Cracks Appearing In The Consumer

By: Chad Hudson | Thu, May 20, 2004
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UNEDITED

Over the past several months economic data and corporate earnings have shown that the economy was expanding rapidly. The last area to recover was the labor market. The last two employment reports surprised economists by revealing that over 600,000 jobs were added during March and April. The bond market has sold off ever since the March employment report. The yield on the 10-year Treasury has jumped over 100 basis points over the past two months in anticipation of the Federal Reserve raising interest rates much sooner than previously expected.

The rise in interest rates is also causing the stock market to contend with historically high PE ratios. It was popular to believe that it was acceptable to pay a higher multiple if interest rates were low (for a discussion on this fallacy please read Clifford Asness' study, Fight the Fed Model: The Relationship Between Stock Market Yields, Bond Market Yields, and Future Returns ) With interest rate rising, Wall Street analysts are actually discussing multiple compression and selling out of select industries. OK, not a lot, but there are a few. Adding a little fuel to the fire, some of the economic data is getting a little less rosy. While still showing growth, results are starting to be lower than forecasts.

Earlier this month, retailers reported their April sales results. In aggregate comparable store sales failed to meet analysts expectations. CSFB's Retail Same Store Sales Index increased 3.9% in April, just under the 4% to 6% increase they were expecting. This was by far the weakest month, but most of this weakness was due to the tougher comparison in the year ago period. Last year, April sales rebounded after February and March sales were weak due to the war. In order to smooth the war affect, it is useful to compare the two year growth for each month. This shows a much different picture and allows a better forecast to be made about the rest of the year.

CSFB Retail Same Store Sales Index (year-over-year growth)

  Jan Feb Mar Apr May Jun Jul Aug Sep Oct Nov Dec
2002 4.1% 5.8% 5.9% 0.8% 2.6% 4.8% 1.5% 1.0% 1.2% 2.6% -0.9% 1.0%
1.2% 0.1% -0.6% 2.7% 1.6% 1.9% 3.9% 4.9% 5.8% 2.4% 3.3% 3.9%
2004 5.7% 6.8% 6.6% 3.9%                

The following table simply combines the sales growth for two years spans.

  Jan Feb Mar Apr May Jun Jul Aug Sep Oct Nov Dec
2001-2003 5.3% 5.9% 5.3% 3.5% 4.2% 6.8% 5.5% 5.9% 7.1% 5.1% 2.4% 4.9%
2002-2004 7.0% 6.9% 6.0% 6.7%                

Comparing the two tables above reveals that the main cause of April being weak was the tougher comparison in the year ago period. May and June will offer more easier comparisons, but starting in July, every month except October will be tougher than any month in the first half.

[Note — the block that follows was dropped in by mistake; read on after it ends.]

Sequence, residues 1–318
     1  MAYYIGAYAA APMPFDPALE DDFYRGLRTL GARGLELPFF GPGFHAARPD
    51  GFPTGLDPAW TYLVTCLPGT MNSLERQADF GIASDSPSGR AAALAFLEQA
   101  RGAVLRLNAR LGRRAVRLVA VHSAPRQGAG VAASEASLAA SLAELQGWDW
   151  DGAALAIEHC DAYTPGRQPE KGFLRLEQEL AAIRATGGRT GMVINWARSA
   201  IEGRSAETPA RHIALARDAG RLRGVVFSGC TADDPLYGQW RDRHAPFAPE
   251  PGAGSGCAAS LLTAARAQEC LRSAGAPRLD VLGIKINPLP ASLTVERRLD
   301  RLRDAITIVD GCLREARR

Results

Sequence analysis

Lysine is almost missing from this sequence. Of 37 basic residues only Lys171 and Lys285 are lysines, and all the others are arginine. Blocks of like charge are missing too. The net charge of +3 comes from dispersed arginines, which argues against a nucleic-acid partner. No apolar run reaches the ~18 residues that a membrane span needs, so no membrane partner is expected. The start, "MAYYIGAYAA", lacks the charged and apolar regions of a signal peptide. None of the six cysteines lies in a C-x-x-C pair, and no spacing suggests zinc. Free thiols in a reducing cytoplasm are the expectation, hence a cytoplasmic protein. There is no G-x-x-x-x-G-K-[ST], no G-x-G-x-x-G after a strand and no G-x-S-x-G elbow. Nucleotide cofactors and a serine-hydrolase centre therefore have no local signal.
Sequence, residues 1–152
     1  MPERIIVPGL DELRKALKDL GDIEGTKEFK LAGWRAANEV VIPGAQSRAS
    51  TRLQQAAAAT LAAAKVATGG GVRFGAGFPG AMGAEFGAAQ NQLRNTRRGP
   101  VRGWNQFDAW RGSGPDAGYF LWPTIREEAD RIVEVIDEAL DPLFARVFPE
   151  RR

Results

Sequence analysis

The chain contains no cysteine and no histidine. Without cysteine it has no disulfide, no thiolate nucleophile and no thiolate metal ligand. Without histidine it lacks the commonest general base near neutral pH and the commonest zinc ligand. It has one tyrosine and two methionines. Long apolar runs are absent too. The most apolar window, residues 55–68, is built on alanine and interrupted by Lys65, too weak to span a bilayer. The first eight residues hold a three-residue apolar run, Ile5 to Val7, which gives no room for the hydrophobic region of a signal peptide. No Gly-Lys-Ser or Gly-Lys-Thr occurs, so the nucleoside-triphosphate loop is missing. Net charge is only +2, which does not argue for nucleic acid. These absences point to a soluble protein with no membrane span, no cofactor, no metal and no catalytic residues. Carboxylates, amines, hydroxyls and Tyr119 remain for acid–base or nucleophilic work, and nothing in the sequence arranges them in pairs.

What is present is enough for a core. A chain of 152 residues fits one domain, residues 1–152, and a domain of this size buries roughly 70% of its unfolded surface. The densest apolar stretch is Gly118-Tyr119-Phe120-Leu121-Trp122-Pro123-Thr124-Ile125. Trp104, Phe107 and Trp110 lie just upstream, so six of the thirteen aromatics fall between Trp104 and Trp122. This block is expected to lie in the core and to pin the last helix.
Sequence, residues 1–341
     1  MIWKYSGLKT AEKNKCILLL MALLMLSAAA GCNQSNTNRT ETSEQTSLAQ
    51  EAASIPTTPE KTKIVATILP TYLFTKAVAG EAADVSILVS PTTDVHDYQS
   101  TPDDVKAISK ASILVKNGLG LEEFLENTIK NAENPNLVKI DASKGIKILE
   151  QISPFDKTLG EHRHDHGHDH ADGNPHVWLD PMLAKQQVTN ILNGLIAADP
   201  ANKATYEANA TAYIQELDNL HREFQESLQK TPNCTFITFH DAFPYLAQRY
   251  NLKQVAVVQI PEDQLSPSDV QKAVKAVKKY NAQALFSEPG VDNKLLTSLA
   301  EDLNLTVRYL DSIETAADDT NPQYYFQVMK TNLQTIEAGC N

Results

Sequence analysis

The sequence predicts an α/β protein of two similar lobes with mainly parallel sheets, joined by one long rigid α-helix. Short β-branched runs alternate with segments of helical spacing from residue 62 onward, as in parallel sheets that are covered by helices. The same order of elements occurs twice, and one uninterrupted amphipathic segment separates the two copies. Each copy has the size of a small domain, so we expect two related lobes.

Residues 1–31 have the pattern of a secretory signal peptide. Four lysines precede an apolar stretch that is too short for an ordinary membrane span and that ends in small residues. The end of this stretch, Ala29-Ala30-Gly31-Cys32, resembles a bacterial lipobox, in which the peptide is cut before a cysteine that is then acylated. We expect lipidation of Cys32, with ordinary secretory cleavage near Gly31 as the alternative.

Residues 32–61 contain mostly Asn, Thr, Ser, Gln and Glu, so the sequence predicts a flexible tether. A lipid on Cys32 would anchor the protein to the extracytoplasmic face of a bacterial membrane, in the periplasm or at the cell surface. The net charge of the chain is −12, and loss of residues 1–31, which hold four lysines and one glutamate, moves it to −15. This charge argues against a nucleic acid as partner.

Auto sales have also started to slow. This week, Ford said that, "the outlook for the second half of the year appears to be difficult." Ford said that it expects to earn between $1.26 and $1.31 per share for the first half of the year, up almost double the $0.68 earning last year. During the second half, Ford expects earnings per share of only 24 to 29 cents, far less than the 46 cents last year. This provides a range of $1.50 to $1.60 for the year, compared to the $1.89 analysts are predicting.

Last week, auto dealer, CarMax announced it would not meet analysts earning estimates. The following paragraph is from its press release:

"As far as we can tell at this point, the sales softness appears to be market-wide, not CarMax-specific," Ligon said. "This is supported by initial DMV data for both March and April, which suggests that CarMax continued to gain market share across our comp markets in both months. We have experienced softer sales broadly across all our markets. We are unable to link this sales volatility with any single market factor, however. Some of the factors that may be playing a role in the market's sales volatility include: consumer reactions to higher gas prices; the recent spike in mortgage interest rates, affecting the availability and attractiveness of mortgage refinancing and therefore reducing the additional cash available for big ticket purchases; the normal short-term disruptions associated with manufacturer incentives aimed at reducing excess inventories; and the somewhat higher than normal wholesale price increases in March and April."

Bond investors are not encouraged by recent trends in the auto sector. GM's 7.75% 2036 bonds have declined 7.4% this month, which is the worse performing bond among the 3,749 bonds tracked by coverage list. Similarly, Ford bonds maturing in 2028 are down 4.7%.

Rising mortgage rates are starting to slow potential homebuyers. For the first time since the first week in April, the Mortgage Bankers Association Purchase Index dropped. Make no mistake, housing demand remains strong. Even after the 8.1% drop, the index remains at a level higher than all but three weeks prior to this year.

While the economy has continued to expand, there are starting to be pockets of weakness. While the weakness is mostly just on a relative basis, it is causing investors to reassess their assumptions for the second half of the year.


 

Chad Hudson

Author: Chad Hudson

Chad Hudson
Mid-Week Analysis
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